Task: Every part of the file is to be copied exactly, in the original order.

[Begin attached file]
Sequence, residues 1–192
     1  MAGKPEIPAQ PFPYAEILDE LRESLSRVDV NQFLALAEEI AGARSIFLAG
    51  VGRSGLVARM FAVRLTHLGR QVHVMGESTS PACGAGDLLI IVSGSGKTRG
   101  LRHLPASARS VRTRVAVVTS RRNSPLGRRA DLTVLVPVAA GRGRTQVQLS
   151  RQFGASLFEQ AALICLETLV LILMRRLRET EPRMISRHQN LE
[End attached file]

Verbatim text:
Sequence, residues 1–192
     1  MAGKPEIPAQ PFPYAEILDE LRESLSRVDV NQFLALAEEI AGARSIFLAG
    51  VGRSGLVARM FAVRLTHLGR QVHVMGESTS PACGAGDLLI IVSGSGKTRG
   101  LRHLPASARS VRTRVAVVTS RRNSPLGRRA DLTVLVPVAA GRGRTQVQLS
   151  RQFGASLFEQ AALICLETLV LILMRRLRET EPRMISRHQN LE